“I learned that boards have a real purpose…board membership is a serious responsibility and provides a chance to contribute meaningful to the organization and the community at large.”
– 2015 Board Leadership Participant
Nonprofit organizations can only be as strong as their volunteer boards. Marlboro College is committed to the growth and development of nonprofit boards and their members. By popular demand, Marlboro will offer its third Board Leadership Institute in the spring of 2017. In partnership with the Hannah Grimes Center in Keene, New Hampshire. We will also offer the fifth annual Get on Board Fellows Program, a popular program for young professionals thinking about board service. These programs combine to provide skills development and networking opportunities for trustees serving nonprofits of all sizes, while also helping young professionals begin their work as the next generation of nonprofit board members.
The Board Leadership Institute is a collection of workshops that, taken together, introduce board members to the most important knowledge and skills for successful board service. We frequently hear from boards who want help transforming their organizational culture, or that need assistance being effective leaders and champions for the nonprofits they serve. For greatest impact on a board as a whole, we highly recommend that a board sign up for the full series as a board team, and have steeply discounted this option to make it as affordable as possible. There are also ticket options for individual sitting board members who wish to complete the series, and for those who want to attend only a subset of the workshops. The 2017 series will be held at the Hannah Grimes Center in Keene, New Hampshire, starting on April 22, 2017.
"Having learned the structures and functions of a nonprofit board, it's easier to follow the budgets, agendas, and conversations happening at my first board meetings." –a 2015 Fellow
Southern Vermont and New Hampshire have a lot of nonprofits and many boards are looking for new members. Get On Board gives residents of this area, age 22-44, the opportunity to build leadership skills and their personal and professional network while serving their community. Fellows attend the Board Leadership Institute workshops and Personal Leadership Development sessions for $100-200, sliding scale, which is less than half the full cost. Through these events, Fellows will build relationships with each other, and with members of local nonprofit boards.
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David Grant is the former president and CEO of the Geraldine R. Dodge Foundation in Morristown, New Jersey. Earlier in his career, he and his wife Nancy co-founded and co-directed The Mountain School in Vershire Vermont, a semester-long interdisciplinary environmental studies program for high school juniors. A life-long teacher and performer, David has taken his one-man show as Mark Twain around the world.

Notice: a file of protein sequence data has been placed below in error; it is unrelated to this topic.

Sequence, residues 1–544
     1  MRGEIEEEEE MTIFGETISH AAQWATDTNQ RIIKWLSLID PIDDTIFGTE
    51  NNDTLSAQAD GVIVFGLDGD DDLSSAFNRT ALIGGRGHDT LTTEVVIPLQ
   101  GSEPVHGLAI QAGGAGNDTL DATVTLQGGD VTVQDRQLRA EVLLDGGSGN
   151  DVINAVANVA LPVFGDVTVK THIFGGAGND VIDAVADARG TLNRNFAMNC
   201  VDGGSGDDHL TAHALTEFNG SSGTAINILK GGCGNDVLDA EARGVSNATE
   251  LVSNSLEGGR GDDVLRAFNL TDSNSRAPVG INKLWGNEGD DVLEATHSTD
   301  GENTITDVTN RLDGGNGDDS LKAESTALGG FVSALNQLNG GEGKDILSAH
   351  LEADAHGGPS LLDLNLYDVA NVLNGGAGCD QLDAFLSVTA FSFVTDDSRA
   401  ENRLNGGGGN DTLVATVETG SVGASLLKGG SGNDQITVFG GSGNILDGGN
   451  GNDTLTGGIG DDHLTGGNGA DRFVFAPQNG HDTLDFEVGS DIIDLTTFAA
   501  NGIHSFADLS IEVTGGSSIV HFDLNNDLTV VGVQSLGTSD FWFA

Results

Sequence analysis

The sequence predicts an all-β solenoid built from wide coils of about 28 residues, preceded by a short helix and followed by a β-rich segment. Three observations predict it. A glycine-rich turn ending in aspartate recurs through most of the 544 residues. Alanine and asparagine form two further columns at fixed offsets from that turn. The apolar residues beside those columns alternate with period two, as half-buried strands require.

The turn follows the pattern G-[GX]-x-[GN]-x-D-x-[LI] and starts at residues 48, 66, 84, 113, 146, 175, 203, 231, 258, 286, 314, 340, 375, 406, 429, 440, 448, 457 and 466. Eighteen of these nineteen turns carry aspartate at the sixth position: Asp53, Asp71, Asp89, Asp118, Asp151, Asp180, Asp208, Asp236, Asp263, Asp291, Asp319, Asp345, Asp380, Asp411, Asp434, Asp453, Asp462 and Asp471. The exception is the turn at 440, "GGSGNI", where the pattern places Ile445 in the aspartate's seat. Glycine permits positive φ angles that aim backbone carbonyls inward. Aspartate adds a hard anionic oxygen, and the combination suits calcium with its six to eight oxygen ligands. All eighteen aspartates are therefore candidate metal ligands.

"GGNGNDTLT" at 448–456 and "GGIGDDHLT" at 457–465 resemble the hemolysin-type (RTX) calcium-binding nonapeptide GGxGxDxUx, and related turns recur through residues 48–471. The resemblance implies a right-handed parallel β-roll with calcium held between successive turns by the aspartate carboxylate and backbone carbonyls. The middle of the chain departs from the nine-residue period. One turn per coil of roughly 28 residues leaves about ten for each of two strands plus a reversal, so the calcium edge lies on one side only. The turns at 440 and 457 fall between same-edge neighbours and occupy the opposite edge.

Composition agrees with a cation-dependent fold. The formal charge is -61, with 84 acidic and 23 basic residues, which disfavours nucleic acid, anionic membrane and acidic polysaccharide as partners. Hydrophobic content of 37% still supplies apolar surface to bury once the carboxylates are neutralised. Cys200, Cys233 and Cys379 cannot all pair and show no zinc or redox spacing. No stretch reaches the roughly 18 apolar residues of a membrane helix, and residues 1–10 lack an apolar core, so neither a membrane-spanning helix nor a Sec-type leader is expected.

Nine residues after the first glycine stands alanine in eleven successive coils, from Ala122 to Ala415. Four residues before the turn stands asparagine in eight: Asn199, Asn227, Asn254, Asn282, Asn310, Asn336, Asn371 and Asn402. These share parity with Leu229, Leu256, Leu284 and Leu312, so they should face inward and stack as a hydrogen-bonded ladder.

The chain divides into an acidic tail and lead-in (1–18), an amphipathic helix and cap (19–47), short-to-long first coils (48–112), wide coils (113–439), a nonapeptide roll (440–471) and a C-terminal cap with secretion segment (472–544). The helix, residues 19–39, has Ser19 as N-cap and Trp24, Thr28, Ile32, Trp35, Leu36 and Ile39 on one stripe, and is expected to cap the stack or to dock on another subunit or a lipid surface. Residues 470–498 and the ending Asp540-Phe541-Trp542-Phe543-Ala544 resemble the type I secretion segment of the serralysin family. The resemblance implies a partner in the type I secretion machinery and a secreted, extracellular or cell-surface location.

David is the author of The Social Profit Handbook: The Essential Guide to Setting Goals, Assessing Outcomes, and Achieving Success for Mission-Driven Organizations (2015), published by Chelsea Green.
Joe works with organizations and social entrepreneurs to build and extend their mission, values and vision. The created messaging is always grounded in the three keys: engaging, dynamic and true. "Engaging" meaning that it's based in a compelling narrative that helps the audience create logic and emotion around the organization's message. "Dynamic" meaning that the messaging should move the audience toward specific actions and understandings. "True" meaning that people are looking for honesty and transparency in their organizational interactions. Most of his work is in education and nonprofits and, prior to his current work, he was the director of graduate admissions at Marlboro College where he built this authentic messaging approach. Joe is not nearly as self-aggrandizing as this bio might lead you to believe.
Greg Hessel is a trainer, facilitator, and consultant who works with clients throughout New England. The essence of Greg’s work is helping people, teams, and organizations to get unstuck, and then working with them to keep them from getting stuck as they move forward. Greg’s clients tend to come from the public and nonprofit sectors, and his work with them includes leading change initiatives, managing conflict, building teams, soft skills trainings, facilitating strategic planning, redesigning structures, and improving communication.